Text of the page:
Ōkami is a game rich in Japanese folklore which has you play as the goddess of the sun in order to save the land of Nippon.
Ōkami originally released for the PS2 in 2006 or 2007, depending on your region. A port for the Wii released in 2008, with the game receiving a full HD remake for the PS3 at the end of 2012. It also received a sequel for the Nintendo DS which released in the West in 2011, titled Ōkamiden.
It’s the game that got me into gaming. Up until I played Ōkami, I didn’t play very many games at all, but after playing this one, I decided I wanted to try more. So when I finally got a PS3 last year, I made the HD version of this game the first one I played on my new console.
In Ōkami, you control the sun goddess of Japanese mythology, Amaterasu, as she journeys the land of Nippon to rid it of darkness and seek out her fellow deities. The past hundred years without her had seen a resurgence of demons as the people’s faith in the gods waned, so Amaterasu must also work to restore confidence in her divine fellows as she travels. She is accompanied by the talented wandering artist, Issun, and both are assisted by the tree spirit Sakuya.
Ōkami borrows heavily from Japanese myth and culture; all of its main characters and locations have some relation to Japanese fables. The game even utilises a style of Eastern Asian ink wash to bring the vivid world to life. It’s beautiful artwork that fits in well with the game’s plot, as Amaterasu wields the powerful Celestial Brush, able to harness the power of the gods with its brush strokes. The Celestial Brush is used to solve a number of puzzles presented to Amaterasu, both in the field and in dungeons.
The rich characters of Ōkami were one of my favourite aspects of the game, as each and every one has their own unique personality. None of them are generic, or there simply to make the world look busy. The game has you aiding a number of these people, and does an excellent job conveying that they each have their own lives and stories to tell. A couple of favourites of mine were a set of sisters, who Amaterasu keeps running into throughout her travels. Each time, the older sister claims the gods do not exist, to which the younger sister would protest. The elder would then issue a challenge to the gods, which upon completion, would increase her faith a little more. The quest line ends with the older sister realising that Amaterasu is some kind of god, which after all of those challenges was immensely satisfying.
As Amaterasu travels Nippon with Issun, restoring faith in the gods and banishing demons, she accumulates praise from the land, the animals and the grateful people she assists. Completing sidequests, restoring nature to its former glory, feeding animals and aiding people and wildlife are some of the tasks Amaterasu can complete to gain more praise. As someone studying conservation biology, the game’s affinity with nature was another aspect I loved. It had several nice effects to demonstrate this, my favourite being flowers springing up behind Amaterasu as she ran. There are many sidequests to complete and stray animals to ferret out and feed for more praise. For those who like to collect items, there are unique treasures to be found, fish to be caught, and more.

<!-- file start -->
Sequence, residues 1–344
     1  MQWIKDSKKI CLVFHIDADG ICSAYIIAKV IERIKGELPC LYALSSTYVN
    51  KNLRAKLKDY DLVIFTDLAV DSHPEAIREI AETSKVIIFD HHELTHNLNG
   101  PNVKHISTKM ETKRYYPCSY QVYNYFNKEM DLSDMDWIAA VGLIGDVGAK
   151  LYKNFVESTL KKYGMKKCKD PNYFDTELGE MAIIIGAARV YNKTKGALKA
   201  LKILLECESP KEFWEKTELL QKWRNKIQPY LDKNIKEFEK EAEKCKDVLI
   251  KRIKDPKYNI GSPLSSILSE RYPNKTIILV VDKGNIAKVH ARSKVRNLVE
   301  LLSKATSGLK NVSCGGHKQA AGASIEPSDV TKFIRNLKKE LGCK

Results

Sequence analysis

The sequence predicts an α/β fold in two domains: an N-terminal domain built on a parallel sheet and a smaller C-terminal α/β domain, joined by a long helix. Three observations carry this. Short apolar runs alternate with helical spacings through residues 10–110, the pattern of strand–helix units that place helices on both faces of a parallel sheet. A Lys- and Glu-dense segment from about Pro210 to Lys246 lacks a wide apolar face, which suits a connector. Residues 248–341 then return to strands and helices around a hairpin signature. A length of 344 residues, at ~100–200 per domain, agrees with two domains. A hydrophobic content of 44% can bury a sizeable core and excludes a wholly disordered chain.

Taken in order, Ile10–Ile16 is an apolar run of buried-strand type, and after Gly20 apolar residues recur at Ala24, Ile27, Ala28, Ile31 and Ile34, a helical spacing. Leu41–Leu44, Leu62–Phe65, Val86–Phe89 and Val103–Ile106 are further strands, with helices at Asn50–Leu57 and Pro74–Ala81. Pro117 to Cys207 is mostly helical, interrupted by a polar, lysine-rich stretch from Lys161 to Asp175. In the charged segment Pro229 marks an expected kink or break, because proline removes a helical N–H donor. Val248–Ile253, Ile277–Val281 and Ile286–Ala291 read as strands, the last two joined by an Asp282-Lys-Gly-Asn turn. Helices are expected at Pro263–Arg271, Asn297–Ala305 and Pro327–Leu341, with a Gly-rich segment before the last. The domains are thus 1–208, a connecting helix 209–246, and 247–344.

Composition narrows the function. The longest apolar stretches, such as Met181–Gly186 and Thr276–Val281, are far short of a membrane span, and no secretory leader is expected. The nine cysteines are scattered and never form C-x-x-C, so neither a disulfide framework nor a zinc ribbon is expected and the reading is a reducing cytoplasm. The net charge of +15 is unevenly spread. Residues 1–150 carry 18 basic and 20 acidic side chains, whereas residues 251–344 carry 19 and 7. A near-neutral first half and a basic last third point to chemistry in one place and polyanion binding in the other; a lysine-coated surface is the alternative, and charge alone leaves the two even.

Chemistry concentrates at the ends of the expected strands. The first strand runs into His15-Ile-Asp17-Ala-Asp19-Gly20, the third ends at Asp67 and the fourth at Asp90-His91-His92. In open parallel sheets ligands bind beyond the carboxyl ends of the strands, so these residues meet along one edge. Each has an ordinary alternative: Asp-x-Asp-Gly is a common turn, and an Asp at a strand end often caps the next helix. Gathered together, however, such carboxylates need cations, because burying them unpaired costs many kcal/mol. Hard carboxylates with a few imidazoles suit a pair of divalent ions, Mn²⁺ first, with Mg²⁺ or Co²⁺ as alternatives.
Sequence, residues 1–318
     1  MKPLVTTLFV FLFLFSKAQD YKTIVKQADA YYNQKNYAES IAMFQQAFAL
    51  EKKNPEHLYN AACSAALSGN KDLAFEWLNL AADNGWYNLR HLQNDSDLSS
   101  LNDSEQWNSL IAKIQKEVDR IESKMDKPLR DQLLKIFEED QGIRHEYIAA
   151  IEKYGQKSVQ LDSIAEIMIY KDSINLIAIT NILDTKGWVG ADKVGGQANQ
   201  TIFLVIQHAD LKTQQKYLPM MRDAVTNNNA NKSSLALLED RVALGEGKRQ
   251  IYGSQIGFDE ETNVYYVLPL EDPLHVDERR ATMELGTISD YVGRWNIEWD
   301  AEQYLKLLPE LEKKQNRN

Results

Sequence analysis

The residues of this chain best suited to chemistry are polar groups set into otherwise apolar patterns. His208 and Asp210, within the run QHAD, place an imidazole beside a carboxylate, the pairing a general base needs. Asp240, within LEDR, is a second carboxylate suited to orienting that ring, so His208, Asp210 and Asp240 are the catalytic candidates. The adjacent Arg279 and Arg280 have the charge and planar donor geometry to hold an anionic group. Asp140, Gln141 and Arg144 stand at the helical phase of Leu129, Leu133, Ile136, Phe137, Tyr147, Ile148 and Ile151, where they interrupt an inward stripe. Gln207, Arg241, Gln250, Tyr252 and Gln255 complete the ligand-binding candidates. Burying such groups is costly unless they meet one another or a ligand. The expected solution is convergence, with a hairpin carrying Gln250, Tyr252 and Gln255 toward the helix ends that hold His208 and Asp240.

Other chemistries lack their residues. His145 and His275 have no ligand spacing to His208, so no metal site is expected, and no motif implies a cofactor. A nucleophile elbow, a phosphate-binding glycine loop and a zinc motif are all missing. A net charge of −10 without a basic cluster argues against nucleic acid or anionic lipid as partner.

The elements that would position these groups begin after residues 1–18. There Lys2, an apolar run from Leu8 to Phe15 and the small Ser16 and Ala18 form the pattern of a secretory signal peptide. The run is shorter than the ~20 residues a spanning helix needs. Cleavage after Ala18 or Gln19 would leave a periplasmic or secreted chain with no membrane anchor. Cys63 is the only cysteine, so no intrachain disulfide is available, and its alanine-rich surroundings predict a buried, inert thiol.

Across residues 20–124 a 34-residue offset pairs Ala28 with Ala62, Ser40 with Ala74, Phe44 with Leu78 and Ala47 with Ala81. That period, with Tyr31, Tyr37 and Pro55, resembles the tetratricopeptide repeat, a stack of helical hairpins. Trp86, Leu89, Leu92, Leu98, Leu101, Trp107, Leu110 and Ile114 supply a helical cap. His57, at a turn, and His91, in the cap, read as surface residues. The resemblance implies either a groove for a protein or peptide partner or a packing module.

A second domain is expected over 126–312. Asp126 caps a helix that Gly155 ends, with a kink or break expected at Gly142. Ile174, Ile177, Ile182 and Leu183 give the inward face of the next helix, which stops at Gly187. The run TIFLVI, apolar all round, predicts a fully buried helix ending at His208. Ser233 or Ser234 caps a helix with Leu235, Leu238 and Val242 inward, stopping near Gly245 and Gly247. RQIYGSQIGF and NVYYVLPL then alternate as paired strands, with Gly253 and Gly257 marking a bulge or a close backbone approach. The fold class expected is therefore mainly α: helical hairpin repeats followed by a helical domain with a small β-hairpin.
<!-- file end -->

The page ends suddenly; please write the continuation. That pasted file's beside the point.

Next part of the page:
Scrolls float around the fields of Nippon, which will chase Amaterasu as she passes them by. Should one touch her, a battle will initiate, and she will need to defeat a few demons before she can resume her journey. She can attack with her regular and a subweapon, and can use her Celestial Brush to deal damage with the techniques she has learned from other gods. These battles do not award any experience. Rather, they give out yen, which can be used to purchase items, weapons and weapon upgrades. More yen is awarded for more efficient fighting; taking no damage and fast times are rewarded. Battle was a fun experience in Ōkami, as there were always new kinds of demons that required a new way of thinking if Amaterasu wanted to defeat them easily.
Praise is gained by completing sidequests and restoring nature, and is used to power up Amaterasu. She can use her accumulated praise to increase her HP, the amount of ink she has at her disposal for her Celestial Brush, and to make her wallet bigger. She can also acquire more astral pouches; the more an astral pouch is filled, the more HP Amaterasu will revive with when she falls in battle. If she has no food in any of her astral pouches, the player will be taken back to the title screen and forced to continue from their last save. I never had this happen to me once, as the food required to fill the pouches is easy to find all over Nippon in large quantities.
Ōkami’s soundtrack is one of my favourites of all time. It draws from classic Japanese styles, and has a wide array of tracks that are well suited for every situation. My favourites were the upbeat ones for the game’s large fields, as well as the beautifully written pieces that accompanied the game’s major plot points; it’s a soundtrack I listen to often, especially whilst studying.
All up, I spent 50 hours in Ōkami HD, finishing one bestiary entry away from a platinum trophy. The game offers a new game plus option in which you come back as a superpowered Amaterasu to play through the game at a more leisurely pace.
Ōkami HD is a game I would recommend to anyone in search of a unique adventure. Between its well-designed gameplay, stunning visuals and gorgeous plot and characters, Ōkami is a game that will remain one of the most beautiful gaming experiences I have ever played. The HD version accentuates the game’s features even further, so if you plan to pick it up, make it this version.